Many Hackaday readers will be familiar with the term “core memory”, likely thanks to its close association with the Apollo Guidance Computer. But knowing that the technology existed at one point and actually understanding how it worked is another thing entirely. It’s a bit like electronic equivalent to the butter churn — you’ve heard of it, you could probably even identify an image of one — but should somebody hand you one and ask you to operate it, the result probably won’t be too appetizing.
That’s where Andy Geppert comes in. He’s turned his own personal interest into magnetic core memory into a quest to introduce this fascinating technology to a whole new generation thanks to some modern enhancements through his Core64 project. By mating the antiquated storage technology with a modern microcontroller and LEDs, it’s transformed into an interactive visual experience. Against all odds, he’s managed to turned a technology that helped put boots on the Moon half a century ago into a gadget that fascinates both young and old.
In this talk at the 2022 Hackaday Supercon, Andy first talks the audience through the basics of magnetic core memory as it was originally implemented. From there, he explains the chain of events that lead to the development of the Core64 project, and talks a bit about where he hopes it can go in the future.
Continue reading “Supercon 2022: Andy Geppert Is Bringing Core Memory Back”
For the vast majority of us, computer memory is a somewhat abstract idea. Whether you’re declaring a variable in Python or setting a register in Verilog, the data goes — somewhere — and the rest really isn’t your problem. You may have deliberately chosen the exact address to write to, but its not like you can glance at a stick of RAM and see the data. And you almost certainly can’t rewrite it by hand. (If you can do either of those things, let us know.)
These limitations must have bothered [Andy Geppert], because he set out to bring computer memory into the tangible (or at least, visible) world with his interactive memory badge Core 64. [Andy] has gone through a few different iterations, but essentially Core 64 is an 8×8 grid of woven core memory, which stores each bit via magnetic polarization, with a field of LEDs behind it that allow you to visualize what’s stored. The real beauty of this setup is that it it can be used to display 64 pixel graphics. Better yet — a bit can be rewritten by introducing a magnetic field at the wire junction. In other words, throw a magnet on a stick into the mix and you have yourself a tiny drawing tablet!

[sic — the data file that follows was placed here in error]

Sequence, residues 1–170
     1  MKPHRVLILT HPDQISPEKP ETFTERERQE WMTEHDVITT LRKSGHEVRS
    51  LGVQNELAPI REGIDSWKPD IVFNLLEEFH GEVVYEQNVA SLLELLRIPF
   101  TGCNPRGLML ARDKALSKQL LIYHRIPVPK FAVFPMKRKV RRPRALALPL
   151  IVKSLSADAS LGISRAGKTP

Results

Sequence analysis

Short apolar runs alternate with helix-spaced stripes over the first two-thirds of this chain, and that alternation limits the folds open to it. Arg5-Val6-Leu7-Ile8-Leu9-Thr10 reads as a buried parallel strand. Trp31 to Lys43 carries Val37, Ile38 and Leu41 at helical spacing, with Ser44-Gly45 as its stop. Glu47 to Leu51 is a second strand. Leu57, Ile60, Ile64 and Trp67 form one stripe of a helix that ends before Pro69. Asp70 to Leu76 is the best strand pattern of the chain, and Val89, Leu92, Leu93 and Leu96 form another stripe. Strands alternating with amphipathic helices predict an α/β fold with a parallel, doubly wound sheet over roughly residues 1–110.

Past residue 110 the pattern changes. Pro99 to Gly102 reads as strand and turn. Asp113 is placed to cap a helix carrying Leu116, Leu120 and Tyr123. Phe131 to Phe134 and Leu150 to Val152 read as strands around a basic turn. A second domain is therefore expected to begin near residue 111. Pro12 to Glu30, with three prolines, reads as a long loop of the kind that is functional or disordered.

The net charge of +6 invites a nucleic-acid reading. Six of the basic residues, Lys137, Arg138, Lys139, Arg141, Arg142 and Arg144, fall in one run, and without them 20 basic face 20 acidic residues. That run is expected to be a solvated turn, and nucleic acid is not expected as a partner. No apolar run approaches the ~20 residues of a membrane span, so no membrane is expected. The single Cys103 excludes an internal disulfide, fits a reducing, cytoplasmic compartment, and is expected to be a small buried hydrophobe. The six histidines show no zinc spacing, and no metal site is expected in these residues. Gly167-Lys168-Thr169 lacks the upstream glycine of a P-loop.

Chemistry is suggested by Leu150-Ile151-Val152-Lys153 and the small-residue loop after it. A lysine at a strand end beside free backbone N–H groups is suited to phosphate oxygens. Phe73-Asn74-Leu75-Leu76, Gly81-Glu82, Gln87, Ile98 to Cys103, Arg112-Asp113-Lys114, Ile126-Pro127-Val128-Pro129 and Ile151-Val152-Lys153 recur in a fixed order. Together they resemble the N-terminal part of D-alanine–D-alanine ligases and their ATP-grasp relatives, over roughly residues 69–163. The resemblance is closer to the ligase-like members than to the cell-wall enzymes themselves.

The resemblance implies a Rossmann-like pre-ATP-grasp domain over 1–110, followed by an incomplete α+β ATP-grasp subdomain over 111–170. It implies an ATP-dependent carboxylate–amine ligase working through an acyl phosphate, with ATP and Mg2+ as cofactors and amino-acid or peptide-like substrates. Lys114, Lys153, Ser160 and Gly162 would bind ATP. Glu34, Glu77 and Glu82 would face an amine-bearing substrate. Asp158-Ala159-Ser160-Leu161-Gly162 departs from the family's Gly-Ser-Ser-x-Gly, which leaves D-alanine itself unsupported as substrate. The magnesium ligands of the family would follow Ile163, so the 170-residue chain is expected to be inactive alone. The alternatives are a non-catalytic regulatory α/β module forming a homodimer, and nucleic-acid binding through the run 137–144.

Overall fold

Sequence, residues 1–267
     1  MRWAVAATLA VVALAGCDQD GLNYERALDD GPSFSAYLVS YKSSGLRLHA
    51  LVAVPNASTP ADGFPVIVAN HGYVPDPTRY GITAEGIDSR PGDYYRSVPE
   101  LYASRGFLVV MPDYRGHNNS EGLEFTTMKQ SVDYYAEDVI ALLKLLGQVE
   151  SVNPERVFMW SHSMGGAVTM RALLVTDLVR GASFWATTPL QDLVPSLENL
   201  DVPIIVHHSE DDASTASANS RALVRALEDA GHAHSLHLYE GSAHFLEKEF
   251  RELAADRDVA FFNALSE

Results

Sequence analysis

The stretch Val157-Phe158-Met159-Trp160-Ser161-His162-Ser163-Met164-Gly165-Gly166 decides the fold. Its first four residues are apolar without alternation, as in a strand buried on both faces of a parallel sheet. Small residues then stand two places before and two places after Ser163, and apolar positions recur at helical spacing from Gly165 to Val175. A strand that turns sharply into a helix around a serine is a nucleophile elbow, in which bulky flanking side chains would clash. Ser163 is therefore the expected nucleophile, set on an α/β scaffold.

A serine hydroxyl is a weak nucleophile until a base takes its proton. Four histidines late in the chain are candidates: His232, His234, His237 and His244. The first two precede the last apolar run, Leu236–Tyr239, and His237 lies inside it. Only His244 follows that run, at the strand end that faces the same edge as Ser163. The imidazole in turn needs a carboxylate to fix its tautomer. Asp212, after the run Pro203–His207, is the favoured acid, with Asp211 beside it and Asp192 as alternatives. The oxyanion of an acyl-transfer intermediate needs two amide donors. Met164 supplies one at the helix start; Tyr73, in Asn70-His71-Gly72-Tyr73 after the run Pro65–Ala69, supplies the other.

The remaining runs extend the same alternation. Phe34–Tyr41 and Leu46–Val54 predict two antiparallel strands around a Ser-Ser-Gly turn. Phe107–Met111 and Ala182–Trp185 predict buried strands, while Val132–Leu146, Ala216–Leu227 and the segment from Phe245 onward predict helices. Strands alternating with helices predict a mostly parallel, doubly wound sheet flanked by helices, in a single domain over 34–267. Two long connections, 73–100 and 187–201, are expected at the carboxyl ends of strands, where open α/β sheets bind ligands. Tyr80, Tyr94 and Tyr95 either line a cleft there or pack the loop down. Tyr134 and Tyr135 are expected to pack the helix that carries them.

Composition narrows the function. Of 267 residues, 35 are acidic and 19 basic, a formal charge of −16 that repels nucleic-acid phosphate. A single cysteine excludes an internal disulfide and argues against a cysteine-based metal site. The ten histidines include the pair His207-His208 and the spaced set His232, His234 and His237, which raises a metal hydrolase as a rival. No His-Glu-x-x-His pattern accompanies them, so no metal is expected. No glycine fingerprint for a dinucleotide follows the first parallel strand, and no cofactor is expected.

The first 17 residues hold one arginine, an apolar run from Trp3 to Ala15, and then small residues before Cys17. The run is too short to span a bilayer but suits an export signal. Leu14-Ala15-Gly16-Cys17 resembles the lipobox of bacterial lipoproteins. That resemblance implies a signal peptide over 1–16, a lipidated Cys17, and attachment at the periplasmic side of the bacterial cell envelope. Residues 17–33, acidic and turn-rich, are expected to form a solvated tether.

This isn’t the first time we’ve seen cool experiments with core memory, and not even the first time we’ve seen [Andy] use it to make something awesome, but it really illuminates how the technology works. Being able to not only see memory being written but to manually write to it makes it all so much realer, somehow.
Continue reading “Visualizing Magnetic Memory With Core 64”
If you find yourself in the vicinity of Mountain View, California you really should stop by the Computer History Museum. Even if you aren’t into the retrocomputer scene, there’s so much cool hardware ranging from a replica of the Babbage engine to nearly modern PCs. There’s even a room dedicated to classic video games. There are two fully working old computers at the museum that have their own special rooms: a PDP-1 (complete with vector scope to run Space War) and an IBM 1401.
The IBM 1401 looks like big iron, but in its day it was a low-end machine (costing an innovative business about $2500 a month). The base unit had 4000 words of magnetic core memory, but if you had a hankering for more memory, you could add the 350 pound dishwasher-sized IBM 1406 (for only $1575 a month or you could buy for $55100). How much memory did you get for $18900 a year? An extra 12000 words!
The problem is, the museum’s 1406 had developed a problem. Some addresses ending in 2, 4 or 6 failed and they were all in the same 4K block. [Ken Shirriff] was asked to go in and try to find the problem. We don’t want to give away the story, but [Ken] wrote up his experience (with lots of pictures).
Continue reading “Repairing $55,000 Of Vintage Core Memory”
[Brek] needed to store 64 bits of data from his GPS to serve as a last-known-position function. This memory must be non-volatile, sticking around when the GPS and power are off. Solutions like using a backup battery or employing a $0.25 EEPROM chip were obviously too pedestrian. [Brek] wanted to store his 64 bits in style and that means hand-wired core memory.
OK, we’re pretty sure that the solution came first, and then [Brek] found a fitting problem that could be solved, but you gotta give him props for a project well executed and well documented.
Continue reading “Core Memory For The Hard Core”
[Kos] tipped us about an article he made presenting his experiences in designing and implementing a core rope memory. This magnetic read-only memory (ROM), contrary to ordinary coincident-current magnetic core memories (used for RAM), uses the ferrite cores as transformers. If you look at the picture above, you’ll count 7 of them. This sets the memory word size (7bits). A new word is added to the memory by passing (or not) a wire through the ferrite holes. If you then pass an alternating current through this wire, a current will be induced (or not) in the other wire turned 30 times around the ferrite (alias transformer secondary).
In [Kos]’s setup, an input pulse of 5V generates output pulses of 15V. For demonstration purposes, he “wrote” a simple program that lights up digits in a seven segment display. Therefore, different numbers will light up depending on which wire he uses to pass the AC current.
These days core memory hacks are few and far between. But looking at this one, and the one we saw in August, makes want more. If you know of any others don’t hesitate to send us a tip.